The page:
Universities funded by fossil fuels as fashion goes circular

Written by Lori Campbell on 30th Nov 2020

British universities have accepted £60 million in funding from fossil fuel giants in the past five years, reveals new data, as Adidas and H&M join a ‘world-first’ circular fashion pact. Meanwhile, half of Brits have ‘no idea’ what green finance is, Ikea pledges to make half its restaurant meals plant-based by 2025 and figures show the UK is decarbonising twice as fast as any other major economy. It’s the Good With Money weekly news brief.

UK universities received £60m in funding from fossil fuel firms

Britain’s most prestigious universities have taken more than £60 million in research and teaching funding from fossil fuel giants in the past five years, new figures reveal.

Data obtained via the Freedom of Information Act shows that earth sciences departments at the majority of the 24 Russell Group universities in the UK have taken money from fossil fuel interests since 2015. This is despite the fact that, publicly, several have declared a “climate emergency” and pledged to divest from fossil fuel companies.

The earth sciences department at Imperial College London was by far the largest recipient of funding, accounting for around half at £30.1 million.

Research into ways to extract oil more efficiently was among projects funded by the coal, oil and gas sector at Imperial College London in the last five years, the figures show. Some projects have been funded by well-known oil majors including Shell, Total and Chevron.

Adidas and H&M join circular fashion pact

High street giants Adidas and H&M have joined a ‘world-first’ project to create a circular model for fashion.

The ‘New Cotton Project’ has received 6.7 million euros (£6 million) in funding from the European Union’s Horizon 2020 research and innovation programme to make fashion more sustainable.

Over a three-year period, textile waste will be collected, sorted and regenerated into Finnish biotechnology group Infinited Fiber Company’s unique, cellulose-based textile fibres. The fibres will be used to create different types of fabrics for clothing that will be designed, manufactured and sold by global brand Adidas and companies in the H&M Group.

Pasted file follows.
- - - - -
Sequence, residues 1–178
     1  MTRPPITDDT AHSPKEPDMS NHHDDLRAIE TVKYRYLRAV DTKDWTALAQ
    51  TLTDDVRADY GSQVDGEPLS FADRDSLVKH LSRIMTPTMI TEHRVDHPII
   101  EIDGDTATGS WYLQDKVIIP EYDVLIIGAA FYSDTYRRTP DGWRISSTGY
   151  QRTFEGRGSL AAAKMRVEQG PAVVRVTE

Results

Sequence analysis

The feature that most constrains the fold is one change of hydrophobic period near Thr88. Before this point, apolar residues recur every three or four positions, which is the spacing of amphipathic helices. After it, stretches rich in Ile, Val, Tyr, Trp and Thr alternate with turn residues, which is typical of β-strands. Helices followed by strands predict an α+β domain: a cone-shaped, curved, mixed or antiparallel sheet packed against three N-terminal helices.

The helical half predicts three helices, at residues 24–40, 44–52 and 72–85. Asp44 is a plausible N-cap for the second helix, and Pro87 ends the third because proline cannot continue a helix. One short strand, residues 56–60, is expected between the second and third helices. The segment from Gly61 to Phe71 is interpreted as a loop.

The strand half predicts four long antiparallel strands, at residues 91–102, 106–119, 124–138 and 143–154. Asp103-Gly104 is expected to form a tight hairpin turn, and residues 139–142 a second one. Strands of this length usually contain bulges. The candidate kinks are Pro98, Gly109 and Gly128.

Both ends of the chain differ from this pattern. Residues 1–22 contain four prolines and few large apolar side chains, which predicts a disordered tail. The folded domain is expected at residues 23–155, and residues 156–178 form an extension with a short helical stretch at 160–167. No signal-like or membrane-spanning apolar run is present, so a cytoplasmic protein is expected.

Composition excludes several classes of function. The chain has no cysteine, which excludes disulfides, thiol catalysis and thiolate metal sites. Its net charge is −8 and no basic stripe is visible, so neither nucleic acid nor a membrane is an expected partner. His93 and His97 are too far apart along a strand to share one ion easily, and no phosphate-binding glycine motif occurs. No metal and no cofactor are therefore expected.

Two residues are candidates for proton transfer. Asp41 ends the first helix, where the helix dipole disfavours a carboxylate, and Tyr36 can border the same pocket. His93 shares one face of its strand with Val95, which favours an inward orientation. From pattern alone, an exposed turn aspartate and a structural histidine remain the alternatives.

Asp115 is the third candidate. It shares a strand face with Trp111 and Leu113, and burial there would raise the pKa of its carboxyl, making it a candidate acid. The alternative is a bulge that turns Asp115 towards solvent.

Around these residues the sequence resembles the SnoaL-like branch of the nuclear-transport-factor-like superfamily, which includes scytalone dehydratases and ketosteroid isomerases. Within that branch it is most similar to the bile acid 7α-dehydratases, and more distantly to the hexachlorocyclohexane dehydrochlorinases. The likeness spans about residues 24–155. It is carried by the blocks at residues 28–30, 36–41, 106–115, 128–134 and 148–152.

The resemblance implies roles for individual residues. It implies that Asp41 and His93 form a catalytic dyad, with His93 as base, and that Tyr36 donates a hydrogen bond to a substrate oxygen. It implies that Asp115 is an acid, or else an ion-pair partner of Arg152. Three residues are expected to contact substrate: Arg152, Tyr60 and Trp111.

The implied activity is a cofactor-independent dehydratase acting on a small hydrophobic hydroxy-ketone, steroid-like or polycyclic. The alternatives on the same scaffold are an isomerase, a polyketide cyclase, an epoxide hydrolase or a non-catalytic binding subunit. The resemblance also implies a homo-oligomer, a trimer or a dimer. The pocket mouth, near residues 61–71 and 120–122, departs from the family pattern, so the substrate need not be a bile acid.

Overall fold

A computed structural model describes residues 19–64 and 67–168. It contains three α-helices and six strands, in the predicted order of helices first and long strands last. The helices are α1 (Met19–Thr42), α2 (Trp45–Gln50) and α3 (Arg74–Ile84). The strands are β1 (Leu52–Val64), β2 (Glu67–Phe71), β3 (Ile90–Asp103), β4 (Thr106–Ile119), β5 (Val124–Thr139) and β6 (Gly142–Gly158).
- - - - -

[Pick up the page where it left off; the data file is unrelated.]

The initiative will also include at the end-of-use, clothing take-back programmes. Garments that can no longer be worn will be returned for regeneration into new fibres.

Slow fashion: Top 5 sustainable fashion innovations

Half of Brits have no idea what green finance is, reveals new poll

More than half (55 per cent) of Brits have no idea what green finance is and how it can help tackle the climate crisis, a new poll reveals.

The study by Tandem Bank showed that even those who do know how to make their finances greener struggle to fund the changes they want to make. Those polled say they believe sustainable finance solutions are limited, and difficult to understand and access.

However, Brits are keen to increase their green credentials with 60 per cent of respondents saying they would change their bank if a competitor offered them a greener and more environmentally responsible product or service. Around 50 per cent said they would move their savings to a bank account that only invested their money in green causes, with Londoners and residents of Northern Ireland most keen to do so.

Tandem recently acquired green loans company Allium Lending Group to accelerate the building of the UK’s first green digital bank.

What you need to know about: Tandem Bank

Half of Ikea meals to be plant-based by 2025

Ikea has pledged to ensure that 50 per cent of the main meals offered in its restaurants, and 80 per cent of the pre-packaged foods it sells, are plant-based by 2025.

Ikea is best-known for its flat-pack furniture but is also one of the largest food providers in the world. In 2019, more than 680 million people bought food in one of its restaurants.

In a statement, Ikeasays its new targets are motivated by the health and environmental benefits of eating less red meat and more plant-based foods.

The  global livestock industry is estimated to account for 15 per cent of global annual emissions and to use 83 per cent of all existing agricultural land. Only 28 per cent of the world’s largest 60 intensive farming firms have set any plans for climate risk mitigation.

Is the plant-based sector immune to greenwashing?

UK tops decarbonisation league table

The UK has halved the carbon intensity of its electricity system over the past decade, decarbonising twice as fast as any other major economy, according to a new report.

The switch has been powered principally by the UK’s move away from coal to renewable energy sources such as wind and biomass according to a Drax Insights study, which was conducted by academics from Imperial College London.

Renewable power generation has grown six-fold in the UK over the past decade, while output from coal power plants fell from 30 per cent to just two per cent of the electricity mix over the timeframe. This has helped the UK to cut the carbon intensity of its power by 58 per cent – double the reduction seen in other major economies over the same period.

The latest edition of Drax’s Electric Insights Quarterly, which launched four years ago, also details how the transformation of the UK’s power sources means British households have each reduced their CO2 emissions by three quarters of a tonne per year since the start of the decade, roughly equivalent to the CO2 generated by a family of four taking a return flight from the UK to Spain.

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